St Patrick’s Festival in Dublin

St Patrick, a Saint that on the 17th of March brings Irish communities and Irish culture lovers together through sun, rain or hail, all wearing their green gear. Ireland and Dublin in particular are hosting some of the more authentic festivals to celebrate its’ patron’s day!

Dublin is the capital city of the celebrations now, but it wasn’t always this way.

Surprisingly the first St Patrick’s parade took place in New York, USA, where the Irish soldiers who were serving the British army back in 1762 marched to Irish music. The first St Patrick’s Day parade in Ireland was held in Waterford only in 1903.

These days Paddy’s day is associated with having fun and drinking Guinness to the rhythm of traditional Irish music, but it began as a religious holiday and until 1970’s bars and pubs in Ireland weren’t even allowed to be open on the day.


St. Patrick’s festival 2018

Dublin city warmly welcomes over 100.000 overseas visitors each year.

Multiple cultural events, involving thousands of talented Irish and international musicians, dancers, storytellers and performers, are taking place in Dublin during the festival. The inspiring theme of this year’s festival is ‘Home is Where the Heart Is’.

Don’t miss:

The “greening” of the city: as soon as the sun goes down on the 15th of March all major landmarks, iconic buildings and venues are illuminated with green lights creating an impressive and festive atmosphere all around the city.



The Parade: the main moment of this celebration is of course the parade! Colourful floats, music bands, flamboyant performances and cheering crowds make this event really special and unique.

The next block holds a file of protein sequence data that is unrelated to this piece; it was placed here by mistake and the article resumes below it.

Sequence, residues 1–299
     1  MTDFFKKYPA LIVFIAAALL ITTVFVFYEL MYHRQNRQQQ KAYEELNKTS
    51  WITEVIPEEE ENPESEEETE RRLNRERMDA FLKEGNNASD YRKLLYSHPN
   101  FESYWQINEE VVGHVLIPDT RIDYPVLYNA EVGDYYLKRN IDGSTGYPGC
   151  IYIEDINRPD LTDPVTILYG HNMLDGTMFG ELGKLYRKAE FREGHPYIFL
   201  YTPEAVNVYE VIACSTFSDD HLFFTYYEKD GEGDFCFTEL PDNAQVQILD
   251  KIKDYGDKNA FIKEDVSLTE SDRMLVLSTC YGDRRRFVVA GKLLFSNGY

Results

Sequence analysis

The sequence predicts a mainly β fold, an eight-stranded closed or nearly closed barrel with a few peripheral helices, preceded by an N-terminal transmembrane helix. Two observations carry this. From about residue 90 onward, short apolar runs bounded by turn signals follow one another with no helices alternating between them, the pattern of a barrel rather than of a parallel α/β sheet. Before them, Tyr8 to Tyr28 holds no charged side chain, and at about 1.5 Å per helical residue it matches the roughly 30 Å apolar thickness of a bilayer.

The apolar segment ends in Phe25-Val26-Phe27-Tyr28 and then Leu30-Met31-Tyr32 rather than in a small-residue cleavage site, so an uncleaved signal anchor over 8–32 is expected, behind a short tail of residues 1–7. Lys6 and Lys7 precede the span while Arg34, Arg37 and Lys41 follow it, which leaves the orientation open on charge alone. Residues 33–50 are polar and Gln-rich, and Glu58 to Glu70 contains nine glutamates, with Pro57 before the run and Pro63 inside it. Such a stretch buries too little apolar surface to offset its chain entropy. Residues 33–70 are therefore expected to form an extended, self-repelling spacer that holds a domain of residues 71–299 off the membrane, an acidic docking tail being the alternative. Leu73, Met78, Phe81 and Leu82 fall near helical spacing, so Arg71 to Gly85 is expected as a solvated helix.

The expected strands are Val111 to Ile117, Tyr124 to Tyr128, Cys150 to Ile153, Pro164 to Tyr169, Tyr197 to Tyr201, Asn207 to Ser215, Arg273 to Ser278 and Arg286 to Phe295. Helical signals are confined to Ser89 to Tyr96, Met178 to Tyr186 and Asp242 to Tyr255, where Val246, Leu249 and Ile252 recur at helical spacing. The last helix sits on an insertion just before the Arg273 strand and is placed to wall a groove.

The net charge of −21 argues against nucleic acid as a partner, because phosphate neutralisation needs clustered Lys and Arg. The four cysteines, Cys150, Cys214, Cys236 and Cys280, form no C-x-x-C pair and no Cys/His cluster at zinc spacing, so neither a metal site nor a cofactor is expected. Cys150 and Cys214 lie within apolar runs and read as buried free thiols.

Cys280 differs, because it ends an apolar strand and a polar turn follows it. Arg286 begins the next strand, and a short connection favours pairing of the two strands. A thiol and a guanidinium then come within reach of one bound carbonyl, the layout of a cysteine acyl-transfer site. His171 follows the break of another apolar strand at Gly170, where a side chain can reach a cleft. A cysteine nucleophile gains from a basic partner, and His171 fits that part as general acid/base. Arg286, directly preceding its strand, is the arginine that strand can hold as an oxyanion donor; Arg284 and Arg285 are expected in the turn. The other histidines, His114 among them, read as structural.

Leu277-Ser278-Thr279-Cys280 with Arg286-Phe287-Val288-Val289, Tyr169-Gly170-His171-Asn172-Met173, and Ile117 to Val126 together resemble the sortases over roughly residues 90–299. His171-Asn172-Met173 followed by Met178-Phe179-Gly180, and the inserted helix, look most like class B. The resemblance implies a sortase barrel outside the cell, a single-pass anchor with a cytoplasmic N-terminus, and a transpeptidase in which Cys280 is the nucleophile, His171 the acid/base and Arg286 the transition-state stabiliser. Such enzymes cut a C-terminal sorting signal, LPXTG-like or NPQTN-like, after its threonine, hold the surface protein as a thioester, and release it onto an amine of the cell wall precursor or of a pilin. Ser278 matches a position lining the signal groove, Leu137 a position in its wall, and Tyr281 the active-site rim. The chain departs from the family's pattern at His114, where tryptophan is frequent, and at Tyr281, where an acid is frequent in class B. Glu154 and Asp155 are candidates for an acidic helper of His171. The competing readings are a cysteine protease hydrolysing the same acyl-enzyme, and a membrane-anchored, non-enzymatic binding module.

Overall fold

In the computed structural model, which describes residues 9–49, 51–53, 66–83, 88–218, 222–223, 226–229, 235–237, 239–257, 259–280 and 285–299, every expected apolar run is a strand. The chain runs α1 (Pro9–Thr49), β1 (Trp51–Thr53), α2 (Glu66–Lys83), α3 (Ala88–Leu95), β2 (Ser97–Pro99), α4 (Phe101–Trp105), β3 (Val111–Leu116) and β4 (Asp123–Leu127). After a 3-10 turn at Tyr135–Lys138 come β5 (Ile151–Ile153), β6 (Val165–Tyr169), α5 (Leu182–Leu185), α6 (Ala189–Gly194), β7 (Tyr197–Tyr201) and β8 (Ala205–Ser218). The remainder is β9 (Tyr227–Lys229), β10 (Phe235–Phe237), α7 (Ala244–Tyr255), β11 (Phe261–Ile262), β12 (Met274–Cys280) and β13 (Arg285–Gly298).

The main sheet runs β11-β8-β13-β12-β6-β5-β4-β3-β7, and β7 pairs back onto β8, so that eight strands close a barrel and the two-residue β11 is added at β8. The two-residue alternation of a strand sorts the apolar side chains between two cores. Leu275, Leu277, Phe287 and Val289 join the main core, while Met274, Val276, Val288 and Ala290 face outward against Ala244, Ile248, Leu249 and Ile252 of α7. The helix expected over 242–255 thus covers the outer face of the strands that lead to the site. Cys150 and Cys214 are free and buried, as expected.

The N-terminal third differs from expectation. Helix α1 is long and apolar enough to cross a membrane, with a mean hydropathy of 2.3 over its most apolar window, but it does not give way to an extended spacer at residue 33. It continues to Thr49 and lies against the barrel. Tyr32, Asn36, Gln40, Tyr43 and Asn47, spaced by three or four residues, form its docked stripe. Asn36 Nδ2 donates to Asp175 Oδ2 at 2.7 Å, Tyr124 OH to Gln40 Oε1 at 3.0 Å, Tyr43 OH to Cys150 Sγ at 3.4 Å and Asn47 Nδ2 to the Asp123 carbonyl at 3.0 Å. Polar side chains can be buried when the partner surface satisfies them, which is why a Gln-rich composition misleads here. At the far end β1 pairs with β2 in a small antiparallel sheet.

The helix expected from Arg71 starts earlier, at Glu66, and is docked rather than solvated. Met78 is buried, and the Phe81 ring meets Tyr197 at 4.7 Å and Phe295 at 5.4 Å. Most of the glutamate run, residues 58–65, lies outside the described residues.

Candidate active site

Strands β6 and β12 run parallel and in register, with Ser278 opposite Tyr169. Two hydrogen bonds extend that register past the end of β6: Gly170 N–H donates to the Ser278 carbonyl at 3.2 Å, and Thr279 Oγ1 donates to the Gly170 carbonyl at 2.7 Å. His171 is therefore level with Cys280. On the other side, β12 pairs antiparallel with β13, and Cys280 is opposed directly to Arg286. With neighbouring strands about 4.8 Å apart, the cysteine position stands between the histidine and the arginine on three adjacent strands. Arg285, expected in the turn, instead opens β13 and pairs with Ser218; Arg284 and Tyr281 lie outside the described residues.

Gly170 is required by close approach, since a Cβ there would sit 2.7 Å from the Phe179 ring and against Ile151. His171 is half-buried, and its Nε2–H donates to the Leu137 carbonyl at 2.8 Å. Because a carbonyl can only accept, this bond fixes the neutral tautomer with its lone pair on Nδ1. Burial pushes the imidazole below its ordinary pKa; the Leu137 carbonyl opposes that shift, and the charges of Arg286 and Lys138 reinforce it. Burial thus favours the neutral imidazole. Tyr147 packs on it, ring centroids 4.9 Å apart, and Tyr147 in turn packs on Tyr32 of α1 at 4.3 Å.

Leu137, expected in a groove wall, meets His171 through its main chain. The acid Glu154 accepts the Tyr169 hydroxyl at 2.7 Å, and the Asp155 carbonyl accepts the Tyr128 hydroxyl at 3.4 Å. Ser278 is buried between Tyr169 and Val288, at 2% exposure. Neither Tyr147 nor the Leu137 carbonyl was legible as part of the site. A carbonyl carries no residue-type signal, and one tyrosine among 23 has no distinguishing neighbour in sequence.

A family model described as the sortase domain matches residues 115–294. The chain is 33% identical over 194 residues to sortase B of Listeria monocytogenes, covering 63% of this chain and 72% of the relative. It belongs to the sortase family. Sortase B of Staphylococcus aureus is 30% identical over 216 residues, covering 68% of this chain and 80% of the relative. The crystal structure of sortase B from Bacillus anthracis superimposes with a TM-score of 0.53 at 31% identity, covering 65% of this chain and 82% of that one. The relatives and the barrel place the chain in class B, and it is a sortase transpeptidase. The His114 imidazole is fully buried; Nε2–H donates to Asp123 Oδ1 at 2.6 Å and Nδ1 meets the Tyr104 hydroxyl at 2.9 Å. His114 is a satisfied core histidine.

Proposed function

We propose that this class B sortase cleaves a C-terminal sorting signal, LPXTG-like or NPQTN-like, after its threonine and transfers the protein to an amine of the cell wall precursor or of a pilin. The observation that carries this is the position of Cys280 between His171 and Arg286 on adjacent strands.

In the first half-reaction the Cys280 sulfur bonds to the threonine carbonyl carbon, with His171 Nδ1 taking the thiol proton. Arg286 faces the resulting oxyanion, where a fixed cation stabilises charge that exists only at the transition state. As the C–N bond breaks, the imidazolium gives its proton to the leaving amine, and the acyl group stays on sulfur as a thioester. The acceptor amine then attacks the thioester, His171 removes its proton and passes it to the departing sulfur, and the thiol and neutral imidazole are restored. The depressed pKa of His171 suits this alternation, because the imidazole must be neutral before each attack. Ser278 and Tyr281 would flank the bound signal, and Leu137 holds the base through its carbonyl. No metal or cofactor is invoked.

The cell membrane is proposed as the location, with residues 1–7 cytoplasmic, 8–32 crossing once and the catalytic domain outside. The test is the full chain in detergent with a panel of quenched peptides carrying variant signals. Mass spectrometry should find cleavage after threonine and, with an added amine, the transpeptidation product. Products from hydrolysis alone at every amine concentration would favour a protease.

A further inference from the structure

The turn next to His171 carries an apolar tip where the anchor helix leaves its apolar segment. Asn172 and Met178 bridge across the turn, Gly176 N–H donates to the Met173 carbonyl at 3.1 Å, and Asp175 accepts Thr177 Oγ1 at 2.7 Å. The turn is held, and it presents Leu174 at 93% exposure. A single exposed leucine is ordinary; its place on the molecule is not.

Dublin Bay Prawn FestivalThis authentic foodie experience hosted by the village of Howth is a must for prawn lovers. The food is accompanied by craft beers and free music entertainment.

Who was St Patrick?

Saint Patrick was born in 4th century in England. When he was young he was kidnapped, as many others English lads, by Irish riders who sold him into slavery to Northern Ireland. During his years in slavery he became increasingly religious and even considered his bad luck as a direct consequence to his lack of faith. After a few years he managed to escape back to his homeland where he reunited with his family.

He returned to Ireland as an adult because of a dream he had, where the Irish were calling him back to tell them about God. His mission was to convert pagan Ireland into Christianity. For twenty years he travelled the length and breadth of the island, baptising people and establishing monasteries, schools and churches as he went.

He is associated with the Shamrock as he explained the Holy Trinity (Father, Son and Holy Spirit) using the three leaves of a native Irish clover.